Congo, Democratic Republic of The - Country history and economic development

1885. The Congo is colonized as a personal fiefdom of Belgian King Leopold II and is called the Congo Free State.

1907. The administration of the Congo Free State is transferred to the Belgian government, which renames the country the Belgian Congo.

1960. The Congo gains independence from Belgium. Shortly after, the army mutinies and the Katanga province secedes. The United Nations sends troops to protect Europeans and maintain order. Joseph Desire Mobutu, the army's chief of staff, intervenes militarily to resolve a power struggle between President Joseph Kasavubu and Prime Minister Patrice Lumumba. Mobutu has Lumumba arrested.

1961. Mobutu returns power to President Kasavubu. Lumumba is handed over to Katanga rebels and soon murdered.

1964. The country is renamed the Democratic Republic of the Congo.

1965. Mobutu stages a military coup amid a political crisis, appointing himself president for 5 years and canceling scheduled elections.

1970. Mobutu establishes his Popular Movement of the Revolution as the sole political party and all Congolese are forced to join the party. Mobutu is also reelected as president in a one-candidate election.

1971. Mobutu begins reform under his "Zairianization" policy. Under this policy he changes the country's name to the Republic of Zaire, and Zairians are forced to use their African names (as opposed to their Christian names) and adopt African dress.

1973. Under "Zairianization," the government appropriates over 2,000 foreign-owned businesses. These businesses are mostly distributed to Mobutu and his associates.

1977. Former Katangan secessionists invade Katanga from Angola, where they had been living in exile. Mobutu suppresses the rebellion with the help of Moroccan troops and military assistance from his Western allies.

1982. Dissidents of Mobutu's one-party rule form the Union for Democracy and Social Progress (UDPS). UDPS leaders are harassed and imprisoned.

1990. Mobutu announces the creation of a multiparty democratic system. However, a national multiparty conference to draft a new constitution is suspended. The United States, which had supplied Mobutu with hundreds of millions of dollars annually, ends direct military and economic aid because of corruption and human rights abuses by the Mobutu regime.

1991. As a result of mounting domestic and international pressure, Mobutu agrees to form a coalition government with UDPS leader Etienne Tshisekedi.

1992. The multiparty constitutional conference resumes amid squabbling and continued unrest. Conference members name Tshisekedi as Prime Minister to head a transitional government. Later, the Conference adopts a draft constitution to incorporate a bicameral parliament and a system of universal suffrage to elect a president.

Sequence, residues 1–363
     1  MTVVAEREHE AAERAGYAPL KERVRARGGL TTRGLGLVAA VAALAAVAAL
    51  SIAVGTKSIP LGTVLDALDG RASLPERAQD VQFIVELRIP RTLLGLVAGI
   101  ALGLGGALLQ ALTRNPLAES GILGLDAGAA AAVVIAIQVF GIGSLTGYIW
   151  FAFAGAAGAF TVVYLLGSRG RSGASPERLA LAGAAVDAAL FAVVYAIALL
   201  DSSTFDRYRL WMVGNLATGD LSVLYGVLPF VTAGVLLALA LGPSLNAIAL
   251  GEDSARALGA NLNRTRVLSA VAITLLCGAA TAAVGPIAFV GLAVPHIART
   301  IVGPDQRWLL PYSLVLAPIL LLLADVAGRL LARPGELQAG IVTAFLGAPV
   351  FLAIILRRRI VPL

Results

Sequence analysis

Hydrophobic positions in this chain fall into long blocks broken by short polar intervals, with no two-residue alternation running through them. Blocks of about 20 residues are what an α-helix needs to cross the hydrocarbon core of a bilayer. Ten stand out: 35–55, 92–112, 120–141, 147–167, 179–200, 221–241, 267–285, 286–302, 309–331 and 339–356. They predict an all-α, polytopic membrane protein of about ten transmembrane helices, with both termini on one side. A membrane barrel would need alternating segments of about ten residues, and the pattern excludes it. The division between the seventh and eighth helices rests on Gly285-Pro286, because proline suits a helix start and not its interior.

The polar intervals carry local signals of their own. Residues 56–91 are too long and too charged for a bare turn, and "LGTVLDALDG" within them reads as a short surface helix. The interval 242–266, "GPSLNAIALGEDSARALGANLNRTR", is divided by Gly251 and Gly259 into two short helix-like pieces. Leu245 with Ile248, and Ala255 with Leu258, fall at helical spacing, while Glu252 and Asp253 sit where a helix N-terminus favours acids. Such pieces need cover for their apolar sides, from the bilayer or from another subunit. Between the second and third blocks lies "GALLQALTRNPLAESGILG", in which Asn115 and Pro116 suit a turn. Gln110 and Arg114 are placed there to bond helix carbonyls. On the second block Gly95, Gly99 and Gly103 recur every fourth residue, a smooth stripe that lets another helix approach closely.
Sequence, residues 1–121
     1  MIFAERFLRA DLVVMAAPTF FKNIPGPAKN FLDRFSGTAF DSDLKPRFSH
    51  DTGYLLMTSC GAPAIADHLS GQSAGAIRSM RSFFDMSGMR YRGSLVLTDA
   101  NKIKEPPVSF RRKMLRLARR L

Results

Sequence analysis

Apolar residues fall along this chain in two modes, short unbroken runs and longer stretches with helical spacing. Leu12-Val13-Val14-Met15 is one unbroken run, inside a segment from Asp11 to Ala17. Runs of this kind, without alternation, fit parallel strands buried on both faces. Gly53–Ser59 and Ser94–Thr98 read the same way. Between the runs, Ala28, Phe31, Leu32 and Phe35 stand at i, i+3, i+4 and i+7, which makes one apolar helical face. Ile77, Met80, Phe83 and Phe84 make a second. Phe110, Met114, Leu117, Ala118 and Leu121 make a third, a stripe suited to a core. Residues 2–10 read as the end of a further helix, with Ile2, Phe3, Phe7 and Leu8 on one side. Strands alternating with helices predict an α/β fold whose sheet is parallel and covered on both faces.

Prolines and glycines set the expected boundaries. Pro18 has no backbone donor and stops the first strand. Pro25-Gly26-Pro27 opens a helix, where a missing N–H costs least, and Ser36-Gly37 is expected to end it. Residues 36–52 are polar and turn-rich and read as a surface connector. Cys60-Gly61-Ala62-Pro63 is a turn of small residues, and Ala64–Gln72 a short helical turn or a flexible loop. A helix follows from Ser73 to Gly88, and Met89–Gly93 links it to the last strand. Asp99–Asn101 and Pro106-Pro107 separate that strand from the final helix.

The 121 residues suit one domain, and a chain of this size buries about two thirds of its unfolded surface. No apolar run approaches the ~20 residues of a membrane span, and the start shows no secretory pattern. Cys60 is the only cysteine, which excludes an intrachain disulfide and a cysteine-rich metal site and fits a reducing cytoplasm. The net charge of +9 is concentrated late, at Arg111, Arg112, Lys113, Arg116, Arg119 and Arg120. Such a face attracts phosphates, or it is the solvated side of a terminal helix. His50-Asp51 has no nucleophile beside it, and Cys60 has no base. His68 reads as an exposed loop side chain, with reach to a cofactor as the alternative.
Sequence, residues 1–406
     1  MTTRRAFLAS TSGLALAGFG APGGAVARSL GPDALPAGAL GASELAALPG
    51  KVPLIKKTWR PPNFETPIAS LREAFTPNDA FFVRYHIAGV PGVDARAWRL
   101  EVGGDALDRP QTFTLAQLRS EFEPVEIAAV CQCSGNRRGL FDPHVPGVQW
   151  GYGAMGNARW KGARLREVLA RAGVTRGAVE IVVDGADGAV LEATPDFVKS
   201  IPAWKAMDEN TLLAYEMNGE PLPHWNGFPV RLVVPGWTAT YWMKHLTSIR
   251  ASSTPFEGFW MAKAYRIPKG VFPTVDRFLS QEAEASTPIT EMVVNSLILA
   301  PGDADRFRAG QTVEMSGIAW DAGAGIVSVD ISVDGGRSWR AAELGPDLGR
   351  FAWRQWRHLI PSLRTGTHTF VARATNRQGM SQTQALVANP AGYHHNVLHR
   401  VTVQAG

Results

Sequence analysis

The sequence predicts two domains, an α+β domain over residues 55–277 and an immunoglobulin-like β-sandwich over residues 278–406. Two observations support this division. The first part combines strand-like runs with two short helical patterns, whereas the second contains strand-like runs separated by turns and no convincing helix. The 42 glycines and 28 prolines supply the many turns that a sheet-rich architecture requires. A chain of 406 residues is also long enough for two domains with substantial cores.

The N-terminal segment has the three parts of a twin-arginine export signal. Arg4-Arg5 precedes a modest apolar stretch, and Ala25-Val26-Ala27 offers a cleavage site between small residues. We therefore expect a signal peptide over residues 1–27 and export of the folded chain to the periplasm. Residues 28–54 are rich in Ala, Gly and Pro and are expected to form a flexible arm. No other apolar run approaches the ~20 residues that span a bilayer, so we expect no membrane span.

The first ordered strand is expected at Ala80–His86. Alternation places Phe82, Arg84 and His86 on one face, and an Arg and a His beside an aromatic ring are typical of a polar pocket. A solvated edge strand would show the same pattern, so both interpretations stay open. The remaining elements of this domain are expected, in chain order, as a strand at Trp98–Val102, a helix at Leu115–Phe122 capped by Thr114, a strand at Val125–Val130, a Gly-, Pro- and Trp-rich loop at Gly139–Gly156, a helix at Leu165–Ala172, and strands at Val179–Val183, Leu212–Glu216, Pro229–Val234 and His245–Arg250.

1994. Rwandan ethnic Hutus massacre over 500,000 Rwandan ethnic Tutsis. Shortly thereafter, an outside Tutsi rebel force takes over Rwanda. Fearing retribution, over 1.3 million Rwandan Hutus flee into eastern Zaire. Accompanying these refugees are many of the Hutus responsible for the Tutsi massacre.

1996. Zairian Tutsi in eastern Zaire revolt because they are threatened with expulsion by Hutus. Uganda and Rwanda seize upon this revolt to secure their borders from the Hutus responsible for the massacre and select veteran guerrilla fighter Laurent Kabila to invade eastern Zaire. Hundreds of thousands of Hutu refugees return to Rwanda.

1997. Kabila's army, composed mostly of Rwandans and Ugandans, takes Kinshasa, and Mobutu flees into exile. Kabila appoints himself as president and changes the country's name back to the Democratic Republic of the Congo.

1998. Kabila kicks out his Rwandan supporters, which sparks a war supported by Rwanda and Uganda against him. Rebel activity unofficially divides the Congo into 3 regions.

1999. The Lusaka Peace Accord is signed by Kabila and representatives of Rwanda and Uganda. Pursuant to the Accord, the parties agree to a cease-fire, the installation of U.N. peacekeeping troops in the Congo, and a "national dialogue" to chart the country's future. All parties continue to violate the Accord.

2001. President Laurent Kabila is assassinated by one of his bodyguards. His son, Major General Joseph Kabila, is appointed as interim president. Rwanda and Uganda begin removing their troops and the U.N. sends peacekeeping forces.

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